By Trevor Ngwane
May Day was officially declared a holiday in South Africa in 1994 with the demise of apartheid and the emergence of a democratic order. The labour movement played a heroic role in the anti-apartheid Struggle and fought hard to force the racist white regime to have May Day recognised.
Today, poverty, unemployment and inequality is very high, the working class and the poor face many existential challenges and the ANC government is failing on many levels. Is May Day, International Workers’ Day, worth the celebration? Do workers have anything to celebrate after 29 years into democracy?
There was a time in history when the ANC leadership looked down upon workers and peasants.
These “ama-respectable” – educated upper-class Africans – tried hard to distinguish themselves from the commoners. They demanded better treatment as subjects of the British Empire.
Around 1910, the ANC, then called the South African Native National Congress, sent delegations of gentlemen clad in coat tails to the queen of England to plead their case and prove their cultural superiority and civilisation.
Frantz Fanon wrote that during the colonial era, “the European elite undertook to manufacture a native elite” who served as functionaries of the colonial administration. In South Africa, these “exempted” Africans helped to facilitate the domination and exploitation of the industrial working class and the rural proletariat by the white capitalist ruling class.
However, elements of this African petty bourgeoisie also participated in and sought to lead the Struggle against colonial rule. Many of them joined the ANC. After decades of waging gentlemanly campaigns, the ANC changed its tactics away from petitions and delegations. There was a “turn to the masses” in the early 1950s partly as a response to the National Party’s assumption of power and adoption of apartheid as official state policy.
Despite its radicalisation, led by its Youth League, the ANC remained an organisation led by the African petty bourgeoisie albeit having somewhat cured itself of its superior and disdainful attitude towards the masses. It had noticed the 1946 African mineworkers strike in which the power of the workers was demonstrated.
The workers showed their power again in the 1973 Durban strikes after a long lull, mainly due to apartheid repression, the turn to armed struggle, and the petty bourgeois neglect of consistent political work among workers. The “white Left” played an important role in the formation of trade unions and rebuilding an organised labour movement.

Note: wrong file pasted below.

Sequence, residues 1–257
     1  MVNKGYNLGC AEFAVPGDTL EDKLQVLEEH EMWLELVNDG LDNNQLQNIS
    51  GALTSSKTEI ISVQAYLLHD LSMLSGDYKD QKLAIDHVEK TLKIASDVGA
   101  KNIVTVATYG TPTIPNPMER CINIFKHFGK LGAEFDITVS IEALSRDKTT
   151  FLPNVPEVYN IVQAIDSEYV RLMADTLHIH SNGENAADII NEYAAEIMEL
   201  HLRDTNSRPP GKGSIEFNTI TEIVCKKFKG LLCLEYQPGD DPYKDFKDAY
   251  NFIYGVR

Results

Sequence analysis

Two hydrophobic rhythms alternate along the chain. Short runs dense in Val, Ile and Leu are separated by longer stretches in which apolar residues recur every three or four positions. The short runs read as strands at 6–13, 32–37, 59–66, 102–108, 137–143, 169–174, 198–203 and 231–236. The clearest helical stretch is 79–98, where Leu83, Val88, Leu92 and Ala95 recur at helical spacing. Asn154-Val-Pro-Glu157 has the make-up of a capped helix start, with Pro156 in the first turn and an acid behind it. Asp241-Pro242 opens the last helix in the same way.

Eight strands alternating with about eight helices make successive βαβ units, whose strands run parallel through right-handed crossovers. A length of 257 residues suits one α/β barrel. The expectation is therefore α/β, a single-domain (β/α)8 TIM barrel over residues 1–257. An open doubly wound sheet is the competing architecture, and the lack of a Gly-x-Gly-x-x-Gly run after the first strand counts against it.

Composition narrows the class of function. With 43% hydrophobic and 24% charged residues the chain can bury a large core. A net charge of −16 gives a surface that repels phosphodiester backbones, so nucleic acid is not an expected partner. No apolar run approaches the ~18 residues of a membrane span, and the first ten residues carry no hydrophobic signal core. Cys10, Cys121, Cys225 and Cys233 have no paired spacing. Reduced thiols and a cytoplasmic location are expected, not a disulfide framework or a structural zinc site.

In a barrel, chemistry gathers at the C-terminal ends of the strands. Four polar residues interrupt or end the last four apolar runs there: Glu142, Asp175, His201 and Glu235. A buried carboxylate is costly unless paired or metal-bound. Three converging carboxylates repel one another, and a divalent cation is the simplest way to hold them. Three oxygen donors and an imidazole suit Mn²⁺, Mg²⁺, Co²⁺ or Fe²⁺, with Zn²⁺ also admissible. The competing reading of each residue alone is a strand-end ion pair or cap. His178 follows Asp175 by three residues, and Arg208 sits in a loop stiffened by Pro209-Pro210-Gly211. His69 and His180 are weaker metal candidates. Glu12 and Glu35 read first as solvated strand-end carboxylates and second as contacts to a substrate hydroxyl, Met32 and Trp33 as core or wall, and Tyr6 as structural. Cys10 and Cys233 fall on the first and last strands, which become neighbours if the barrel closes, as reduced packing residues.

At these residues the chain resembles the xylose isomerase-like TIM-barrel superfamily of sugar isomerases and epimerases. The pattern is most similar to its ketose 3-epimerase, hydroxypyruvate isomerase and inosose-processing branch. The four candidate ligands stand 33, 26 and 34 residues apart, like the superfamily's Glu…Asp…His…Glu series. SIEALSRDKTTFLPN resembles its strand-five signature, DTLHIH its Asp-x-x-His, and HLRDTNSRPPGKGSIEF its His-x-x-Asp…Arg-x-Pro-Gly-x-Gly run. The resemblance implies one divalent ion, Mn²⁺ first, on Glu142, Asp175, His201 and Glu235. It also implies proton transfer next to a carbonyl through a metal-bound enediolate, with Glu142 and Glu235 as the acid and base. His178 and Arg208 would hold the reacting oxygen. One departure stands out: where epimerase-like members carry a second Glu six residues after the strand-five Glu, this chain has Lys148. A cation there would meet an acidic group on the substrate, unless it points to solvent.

The ANC was nowhere to be found, including in the 1976 Soweto student uprising. The strikes and student protests gave a boost to the Struggle against apartheid. However, in the 1980s the ANC put itself at the head of the movement partly due to its ability to receive in exile and make guerrillas of the radicalised and persecuted Soweto students.
The labour movement was at the centre of the upsurge of the Struggle in the 1980s. Workers led this Struggle and put their political stamp on it. When the National Forum and the United Democratic Front were formed, the principle of “working class leadership of the Struggle” was popular and widely accepted, including by middle-class leaders of the mass movement.
Great anti-apartheid mobilisation in the townships and villages was often led by working-class leaders such as Moses Mayekiso, who was general secretary of the Metal and Allied Workers Union and was central to the Alexandra 1986 Six-Day War in which apartheid security forces fought community activists, leaving 19 people dead.
The Federation of South African Trade Unions (Fosatu) was formed in April 1979, based upon the principles of strong shop-floor organisation, worker control and independence. In 1985, Cosatu was formed by Fosatu unions and other unions emphasising the principle of industrial unionism.
Cosatu soon fell under the influence of the South African Communist Party (SACP) and the ANC, culminating in the federation adopting the Freedom Charter, thus laying the foundation for the establishment of the ANC-SACP-Cosatu Alliance.
The powerful South African labour movement that challenged and won against the guns and gallows of the apartheid monster was contained, tamed and emasculated by its membership of the alliance in which it was subjected to leadership by the ANC petty bourgeois and aspirant black bourgeoisie.
Cosatu leaders were reluctant to mobilise strikes and other mass action to challenge the increasingly anti-working class policies of the capitalist ANC government. The ANC implemented neoliberal economic policies including privatisation, commercialisation and financialisation with little effective resistance by Cosatu and the broader working-class movement.
The ANC passed anti-strike laws, imposed wage freezes on public sector workers and implemented austerity measures. There is little for the working class to celebrate in this year’s May Day because the ANC has proven to be the downfall of the labour movement.
Ngwane is Director of the Centre for Sociological Research and Practice, University of Johannesburg.